Jeff White: Okay. Getting a little better. It’s a little better. It’s a bit of an inside joke amongst those of us who speak about how much better Keynote is than PowerPoint. I’d be really interested in, and I completely agree with you, agencies have broader depth of experience and different types of people in more specialized marketing roles generally that they can bring to those things, and therefore they can suggest solutions that you may not have been aware of. I’d be interested in learning more about what the trigger point is in your mind for when you go looking for an agency and how you approach that choice. I’d just be interested in exploring how you’ve done that.
Mike Zimm: You know, looking for an agency, I think you should spend months looking for… I mean, assuming you don’t have like a two-week deadline. Wow, you’ve lost a critical team member. You have two weeks to be able to recruit or hire someone. You should really approach hiring a new team member with a great deal of time and thought. It’s a critical part of your organization. Apply the same rationale with an agency. Spend… Don’t just say the next two or three weeks like, “I want to go hire an agency.” You really… That’s a key relationship just like a manager is a key relationship in an organization, or someone in your C-suite. You should spend I think months looking for an agency, vetting them, talking to them, finding out what they’re good at. Are they honest? You know, do they say, “Hey,” I think it’s always great when an agency says, “We’re actually not good for you. We focus…” You know, in your case, probably someone would reach out to you in an eCommerce travel company. Given your specialty, I don’t know if you’d probably take on, right? Jeff, Carman, you’d take on the relationship.
See, that already in itself is a good sign. Someone says, “No.” An agency that says, “We do everything,” versus one that automatically qualifies itself. They either do certain industries, whether it’s finance, manufacturing, or SaaS, you name it, or at least they say, “We really just focus on this. So, yes, we only do content marketing, so you’re looking for a PPC agency, maybe consider…” I don’t know. Especially if you’re a large organization, one of the bigger agencies that’s just focused on PPC. So, one that disqualifies. If they disqualify themselves or they’re trying to, that’s a really healthy sign too. They’re looking for the partnership as much as you are, because I’m sure you know this, like as an agency you’ve probably had bad partners in the past, or at least partners where you’re like, “You know, we’re ready to cut the cord.” Is that fair to say?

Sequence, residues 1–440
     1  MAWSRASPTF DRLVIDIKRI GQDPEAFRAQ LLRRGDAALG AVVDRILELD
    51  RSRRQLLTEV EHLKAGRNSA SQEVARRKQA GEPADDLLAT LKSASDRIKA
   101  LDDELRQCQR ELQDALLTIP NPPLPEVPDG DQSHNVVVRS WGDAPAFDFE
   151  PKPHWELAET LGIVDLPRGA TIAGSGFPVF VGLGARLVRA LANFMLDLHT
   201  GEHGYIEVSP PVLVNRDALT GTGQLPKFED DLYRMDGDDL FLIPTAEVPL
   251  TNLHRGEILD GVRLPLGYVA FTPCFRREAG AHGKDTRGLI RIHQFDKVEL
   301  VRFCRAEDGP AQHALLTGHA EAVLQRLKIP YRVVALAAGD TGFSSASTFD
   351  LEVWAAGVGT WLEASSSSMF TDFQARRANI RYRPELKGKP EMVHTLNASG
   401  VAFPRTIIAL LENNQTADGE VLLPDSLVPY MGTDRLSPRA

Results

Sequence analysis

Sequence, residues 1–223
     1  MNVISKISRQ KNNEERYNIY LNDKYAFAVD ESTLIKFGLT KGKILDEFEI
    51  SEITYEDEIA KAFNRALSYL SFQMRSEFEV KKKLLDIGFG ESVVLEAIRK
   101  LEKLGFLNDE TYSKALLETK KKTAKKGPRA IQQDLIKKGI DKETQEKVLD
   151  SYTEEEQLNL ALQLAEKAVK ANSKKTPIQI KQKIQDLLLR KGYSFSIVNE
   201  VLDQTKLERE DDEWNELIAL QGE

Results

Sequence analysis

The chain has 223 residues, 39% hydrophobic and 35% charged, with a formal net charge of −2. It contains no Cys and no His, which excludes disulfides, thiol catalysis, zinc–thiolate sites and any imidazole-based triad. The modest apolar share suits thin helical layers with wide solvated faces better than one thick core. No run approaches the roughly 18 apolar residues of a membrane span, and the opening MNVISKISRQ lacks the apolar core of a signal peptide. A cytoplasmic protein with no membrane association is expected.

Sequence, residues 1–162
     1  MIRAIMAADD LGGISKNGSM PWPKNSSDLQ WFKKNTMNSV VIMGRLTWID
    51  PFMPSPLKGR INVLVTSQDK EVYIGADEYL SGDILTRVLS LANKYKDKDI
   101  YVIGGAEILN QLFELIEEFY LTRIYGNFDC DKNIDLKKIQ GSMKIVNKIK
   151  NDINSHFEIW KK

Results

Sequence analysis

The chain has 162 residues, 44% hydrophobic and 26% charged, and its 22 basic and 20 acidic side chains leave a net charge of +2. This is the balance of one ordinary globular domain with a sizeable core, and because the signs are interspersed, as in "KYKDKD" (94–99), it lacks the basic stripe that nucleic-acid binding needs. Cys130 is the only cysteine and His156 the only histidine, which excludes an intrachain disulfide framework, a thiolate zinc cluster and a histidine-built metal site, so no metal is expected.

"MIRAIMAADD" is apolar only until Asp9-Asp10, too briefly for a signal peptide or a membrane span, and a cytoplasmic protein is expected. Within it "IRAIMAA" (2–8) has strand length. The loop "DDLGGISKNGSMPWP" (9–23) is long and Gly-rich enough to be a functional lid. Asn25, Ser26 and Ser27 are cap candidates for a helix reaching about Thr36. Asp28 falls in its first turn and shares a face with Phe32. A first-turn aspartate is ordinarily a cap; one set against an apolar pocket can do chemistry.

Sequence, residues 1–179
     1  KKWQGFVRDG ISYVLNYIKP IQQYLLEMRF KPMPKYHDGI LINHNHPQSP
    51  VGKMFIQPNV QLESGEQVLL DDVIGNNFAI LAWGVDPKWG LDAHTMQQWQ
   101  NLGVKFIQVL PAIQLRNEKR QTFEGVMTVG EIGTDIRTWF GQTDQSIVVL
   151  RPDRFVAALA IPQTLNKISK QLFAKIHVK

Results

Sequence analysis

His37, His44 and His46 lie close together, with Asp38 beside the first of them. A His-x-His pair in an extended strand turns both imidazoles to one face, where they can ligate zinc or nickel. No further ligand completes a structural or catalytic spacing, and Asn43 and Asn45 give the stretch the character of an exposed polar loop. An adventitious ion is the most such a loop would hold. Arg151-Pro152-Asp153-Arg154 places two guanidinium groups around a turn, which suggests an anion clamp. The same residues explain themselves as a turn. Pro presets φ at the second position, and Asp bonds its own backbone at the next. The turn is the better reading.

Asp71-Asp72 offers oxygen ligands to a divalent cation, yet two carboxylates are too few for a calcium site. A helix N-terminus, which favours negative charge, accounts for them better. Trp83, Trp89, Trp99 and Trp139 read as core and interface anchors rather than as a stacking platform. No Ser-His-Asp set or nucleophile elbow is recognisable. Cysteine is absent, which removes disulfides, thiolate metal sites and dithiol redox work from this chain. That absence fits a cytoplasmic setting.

Jeff White: Oh, I think that’s pretty accurate.
Carman Pirie: We’ve been in this business a very long time, Mike. If you’re gonna flip this psychiatrist’s couch around on us, it’s gonna get messy.
Mike Zimm: No, I’m sure every agency has horror stories about bad… It’s probably a client that comes, they wave a lot of money, right? You’re like, “This is gonna be great.” And then probably four or five minutes, you’re like, “What the hell did we get ourselves into? How do we get out of this relationship?” So, it’s very much it’s a dance. Both of you are trying to qualify each other, thinking, “Hey, is this right? Is this the right call?” You’re looking through the blogs. What kind of articles have they written? And if you see there’s some medley of topics that have no relevance… I mean, that’s… If you’re going to someone for content marketing, the chances are you hope they have good content marketing, right? Wouldn’t hire someone who doesn’t have good content marketing. Or if you’re looking for a social media agency and their social media sucks, why would you hire them? Why?